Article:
Trees can do a lot of good for your health, from lowering stress to encouraging you to spend more time outdoors exercising. But can it help expectant moms have healthier babies?
What mother-to-be doesn’t do her best to nurture her still-developing baby so he or she can be ready for the world after nine months? Eating right, exercising, and avoiding extreme amounts of stress are just some of the ways that expectant mothers can cocoon their babies in the healthiest environment possible. And now scientists say there’s another thing pregnant women can do to help their babies to emerge from the womb at a healthy weight.
Living near green spaces – parks, gardens, and even cemeteries – is associated with fewer low birth weight babies, according to a study published in the journal Occupational & Environmental Medicine. An international group of researchers analyzed data from nearly 40,000 singleton births in Tel Aviv, Israel from 2002 to 2006 and matched the mother’s address at the time of delivery with satellite images of the landscape to assess their relative “green-ness.” Women who lived in areas with more access to parks or gardens or green spaces were less likely to have children with low birth weight, a risk factor that can contribute to respiratory conditions, intestinal disorders and bleeding in the brain as well as more long term health issues such as diabetes, heart disease, bone disorders and possibly autism.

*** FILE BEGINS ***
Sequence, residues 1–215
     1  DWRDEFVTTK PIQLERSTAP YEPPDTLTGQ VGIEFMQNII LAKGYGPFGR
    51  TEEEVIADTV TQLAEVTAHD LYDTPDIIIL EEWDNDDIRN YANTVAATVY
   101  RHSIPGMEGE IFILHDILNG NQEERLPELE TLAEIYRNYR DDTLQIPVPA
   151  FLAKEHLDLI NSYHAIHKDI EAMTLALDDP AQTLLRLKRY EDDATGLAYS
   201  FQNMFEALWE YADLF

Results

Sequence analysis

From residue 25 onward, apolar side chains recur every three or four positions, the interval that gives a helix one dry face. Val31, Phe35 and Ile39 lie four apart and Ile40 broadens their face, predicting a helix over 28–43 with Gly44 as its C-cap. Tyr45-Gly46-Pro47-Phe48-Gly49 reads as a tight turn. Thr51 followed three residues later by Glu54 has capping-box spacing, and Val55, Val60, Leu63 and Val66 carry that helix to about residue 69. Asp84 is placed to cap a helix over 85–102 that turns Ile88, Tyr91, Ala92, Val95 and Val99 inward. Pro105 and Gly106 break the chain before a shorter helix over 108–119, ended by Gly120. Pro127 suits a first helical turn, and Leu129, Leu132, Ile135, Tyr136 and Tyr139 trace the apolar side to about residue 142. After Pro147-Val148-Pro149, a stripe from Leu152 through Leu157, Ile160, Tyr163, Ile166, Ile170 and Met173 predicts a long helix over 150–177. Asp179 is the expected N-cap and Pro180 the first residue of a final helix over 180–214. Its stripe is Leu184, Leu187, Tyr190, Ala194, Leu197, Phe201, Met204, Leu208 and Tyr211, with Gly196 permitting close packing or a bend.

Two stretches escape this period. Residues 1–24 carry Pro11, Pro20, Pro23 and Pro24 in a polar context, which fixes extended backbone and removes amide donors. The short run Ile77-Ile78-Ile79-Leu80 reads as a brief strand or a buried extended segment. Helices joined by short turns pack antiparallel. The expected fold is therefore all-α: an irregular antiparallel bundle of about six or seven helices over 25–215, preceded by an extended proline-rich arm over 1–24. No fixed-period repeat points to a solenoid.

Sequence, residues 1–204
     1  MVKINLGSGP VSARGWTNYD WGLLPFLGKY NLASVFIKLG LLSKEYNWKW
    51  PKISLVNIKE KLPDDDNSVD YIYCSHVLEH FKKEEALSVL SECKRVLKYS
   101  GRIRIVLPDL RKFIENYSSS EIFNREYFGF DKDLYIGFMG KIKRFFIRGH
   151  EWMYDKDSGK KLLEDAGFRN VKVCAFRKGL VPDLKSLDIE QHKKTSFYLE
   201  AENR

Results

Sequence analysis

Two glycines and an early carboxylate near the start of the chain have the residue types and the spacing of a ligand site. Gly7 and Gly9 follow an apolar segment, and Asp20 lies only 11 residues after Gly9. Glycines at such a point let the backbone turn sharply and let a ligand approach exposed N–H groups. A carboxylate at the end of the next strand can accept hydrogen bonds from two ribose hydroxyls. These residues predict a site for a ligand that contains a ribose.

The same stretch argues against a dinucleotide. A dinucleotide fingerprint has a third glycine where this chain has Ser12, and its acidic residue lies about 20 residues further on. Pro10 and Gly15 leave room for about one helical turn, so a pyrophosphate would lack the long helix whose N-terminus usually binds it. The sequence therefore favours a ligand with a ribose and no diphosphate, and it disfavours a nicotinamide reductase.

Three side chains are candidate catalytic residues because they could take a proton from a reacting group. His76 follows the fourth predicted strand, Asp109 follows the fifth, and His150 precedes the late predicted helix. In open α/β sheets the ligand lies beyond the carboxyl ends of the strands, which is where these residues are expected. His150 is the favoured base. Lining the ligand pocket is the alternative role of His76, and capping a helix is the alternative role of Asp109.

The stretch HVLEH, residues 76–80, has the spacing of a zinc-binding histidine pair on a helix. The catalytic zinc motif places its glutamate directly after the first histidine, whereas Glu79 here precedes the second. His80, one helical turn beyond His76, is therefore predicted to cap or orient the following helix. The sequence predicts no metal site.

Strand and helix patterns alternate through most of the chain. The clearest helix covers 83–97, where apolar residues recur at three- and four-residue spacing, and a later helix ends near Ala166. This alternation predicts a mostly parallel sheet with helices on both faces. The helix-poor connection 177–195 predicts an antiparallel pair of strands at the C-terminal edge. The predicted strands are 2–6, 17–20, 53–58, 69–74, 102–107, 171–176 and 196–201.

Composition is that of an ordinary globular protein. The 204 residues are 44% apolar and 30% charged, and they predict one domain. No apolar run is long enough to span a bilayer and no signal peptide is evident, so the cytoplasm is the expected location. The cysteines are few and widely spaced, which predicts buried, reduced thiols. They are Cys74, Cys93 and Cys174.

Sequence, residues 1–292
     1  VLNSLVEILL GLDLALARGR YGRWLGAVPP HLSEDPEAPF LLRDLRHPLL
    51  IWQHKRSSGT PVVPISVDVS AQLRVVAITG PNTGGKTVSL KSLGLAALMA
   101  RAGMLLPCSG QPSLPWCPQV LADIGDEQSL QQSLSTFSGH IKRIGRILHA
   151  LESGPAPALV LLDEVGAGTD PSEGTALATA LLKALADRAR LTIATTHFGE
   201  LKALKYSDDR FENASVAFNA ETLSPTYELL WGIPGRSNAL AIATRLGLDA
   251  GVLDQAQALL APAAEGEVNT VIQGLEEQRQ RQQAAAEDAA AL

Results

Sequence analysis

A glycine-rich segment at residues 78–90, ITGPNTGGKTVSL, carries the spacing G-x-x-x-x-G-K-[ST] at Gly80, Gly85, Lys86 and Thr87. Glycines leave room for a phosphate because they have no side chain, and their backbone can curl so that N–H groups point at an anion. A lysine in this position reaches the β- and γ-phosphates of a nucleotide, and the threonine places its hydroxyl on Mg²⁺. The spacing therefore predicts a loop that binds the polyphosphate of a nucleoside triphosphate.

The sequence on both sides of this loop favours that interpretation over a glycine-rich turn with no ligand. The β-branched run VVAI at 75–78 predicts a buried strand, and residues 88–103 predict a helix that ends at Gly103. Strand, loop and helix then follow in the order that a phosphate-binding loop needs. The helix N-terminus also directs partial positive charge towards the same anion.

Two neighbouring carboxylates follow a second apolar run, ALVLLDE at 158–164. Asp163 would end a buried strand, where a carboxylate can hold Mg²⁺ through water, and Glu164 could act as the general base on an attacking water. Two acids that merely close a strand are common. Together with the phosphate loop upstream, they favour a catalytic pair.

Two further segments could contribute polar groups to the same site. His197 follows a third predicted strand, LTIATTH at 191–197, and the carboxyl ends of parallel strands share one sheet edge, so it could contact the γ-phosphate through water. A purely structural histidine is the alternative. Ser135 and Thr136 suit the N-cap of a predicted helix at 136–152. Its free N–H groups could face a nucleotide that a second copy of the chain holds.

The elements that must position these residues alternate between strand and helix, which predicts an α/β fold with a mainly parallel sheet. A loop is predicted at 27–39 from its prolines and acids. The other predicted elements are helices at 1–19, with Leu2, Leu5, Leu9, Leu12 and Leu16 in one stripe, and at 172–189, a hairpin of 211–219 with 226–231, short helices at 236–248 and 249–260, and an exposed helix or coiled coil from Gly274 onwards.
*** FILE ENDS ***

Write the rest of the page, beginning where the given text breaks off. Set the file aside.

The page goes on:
Because greener regions tend to be associated with higher socioeconomic status and more maternal education, both factors that also affect the rate of low birth weight, the researchers also adjusted for the effect of socioeconomic status, and still found an effect of the greener environments. But they did find a stronger association between less green space and more low-birth-weight babies among those in lower socioeconomic groups, which could reflect the influence of other factors, such as less healthy behaviors in those populations and greater exposure to air pollution, stress and other environmental factors that can influence pregnancy outcomes.
So living near parks alone can’t prevent low-birth-weight babies, but the findings suggest that it couldn’t hurt. And the authors note that other studies hints at why – being near parks may encourage physical activity and promote more social interactions that can provide support to relieve stress and depression. Green spaces also tend to have lower levels of pollution and other potentially harmful environmental compounds that have been linked to poor fetal development.